First, the issue is more complex than a straightforward focus on intellectual property. The transfer of knowledge, know-how, technical ability, and intellectual property requires interacting with the whole ecosystem. One of the suggestions that came out of our committee report was to create a database that lists the technologies, expertise and know-how available in the universities. Then to make this database readily searchable and available to all, in order to promote and encourage interactions between universities and businesses.
The United Kingdom has some novel approaches when it comes to university-business knowledge partnerships. They offer preset template contracts that universities and businesses can call upon to quickly to establish agreements. These toolkits, if you will, provide a framework for universities to work with businesses to transfer new discoveries or technologies. We are looking at this idea and others to facilitate that flow in Canada.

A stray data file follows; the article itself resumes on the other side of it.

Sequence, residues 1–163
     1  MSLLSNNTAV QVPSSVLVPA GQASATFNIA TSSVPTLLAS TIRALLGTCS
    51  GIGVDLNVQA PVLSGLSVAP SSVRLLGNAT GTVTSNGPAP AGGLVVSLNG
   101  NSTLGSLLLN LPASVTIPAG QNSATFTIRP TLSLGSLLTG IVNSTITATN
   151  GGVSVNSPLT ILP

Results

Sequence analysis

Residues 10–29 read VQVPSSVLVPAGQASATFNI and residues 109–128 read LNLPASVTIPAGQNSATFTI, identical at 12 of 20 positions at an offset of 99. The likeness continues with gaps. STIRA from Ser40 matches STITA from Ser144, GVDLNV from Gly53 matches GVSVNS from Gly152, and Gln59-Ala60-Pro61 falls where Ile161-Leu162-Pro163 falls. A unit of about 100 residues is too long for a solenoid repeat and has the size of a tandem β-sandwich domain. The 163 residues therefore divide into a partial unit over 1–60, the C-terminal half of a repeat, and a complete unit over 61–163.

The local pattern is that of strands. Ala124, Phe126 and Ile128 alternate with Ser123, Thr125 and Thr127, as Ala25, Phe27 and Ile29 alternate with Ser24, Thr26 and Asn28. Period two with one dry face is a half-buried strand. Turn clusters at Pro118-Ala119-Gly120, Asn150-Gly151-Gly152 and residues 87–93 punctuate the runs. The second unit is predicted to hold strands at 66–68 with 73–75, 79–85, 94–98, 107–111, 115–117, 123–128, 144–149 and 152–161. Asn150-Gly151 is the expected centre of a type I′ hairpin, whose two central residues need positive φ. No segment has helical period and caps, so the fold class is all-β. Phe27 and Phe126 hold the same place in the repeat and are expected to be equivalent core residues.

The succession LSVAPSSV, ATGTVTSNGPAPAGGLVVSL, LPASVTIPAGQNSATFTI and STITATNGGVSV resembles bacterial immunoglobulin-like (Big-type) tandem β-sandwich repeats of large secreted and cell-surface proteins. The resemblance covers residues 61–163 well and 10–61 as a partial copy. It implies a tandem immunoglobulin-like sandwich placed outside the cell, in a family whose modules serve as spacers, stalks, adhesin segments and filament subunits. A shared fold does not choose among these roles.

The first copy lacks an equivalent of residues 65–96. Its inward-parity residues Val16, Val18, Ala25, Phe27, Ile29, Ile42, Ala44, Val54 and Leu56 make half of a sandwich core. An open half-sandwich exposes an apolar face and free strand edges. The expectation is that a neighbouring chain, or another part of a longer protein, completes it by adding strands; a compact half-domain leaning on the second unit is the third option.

What would you say are the benefits of carrying out R&D and manufacturing operations in Canada?
When your business operates in a rapidly changing environment, the development engineers should be in close proximity to the manufacturing processes. A rapidly changing environment tends to require updating manufacturing processes on an ongoing basis. This allows the product to maintain its competitive advantage. Conversely, if you have a stable device that you manufacture—a device with low complexity that is not being updated – you can ‘off-shore it’, sending it to one of the low-cost manufacturing geographies such as Mexico or China.
The off-shoring approach does not work well when you build very precise, high-tech devices that change frequently or have a low manufacturing volume. In the medical field, a field that is in constant evolution, certain devices tend to follow a rapid evolution cycle, consistently being updated with new improved designs. In order to ensure such products are kept up to date, engineers should be close by, or even on site, of the manufacturing plant. For Baylis, given the nature of our products, it makes more sense for our manufacturing sites to be located both domestically and locally, which is why we recently opened our second plant in Mississauga.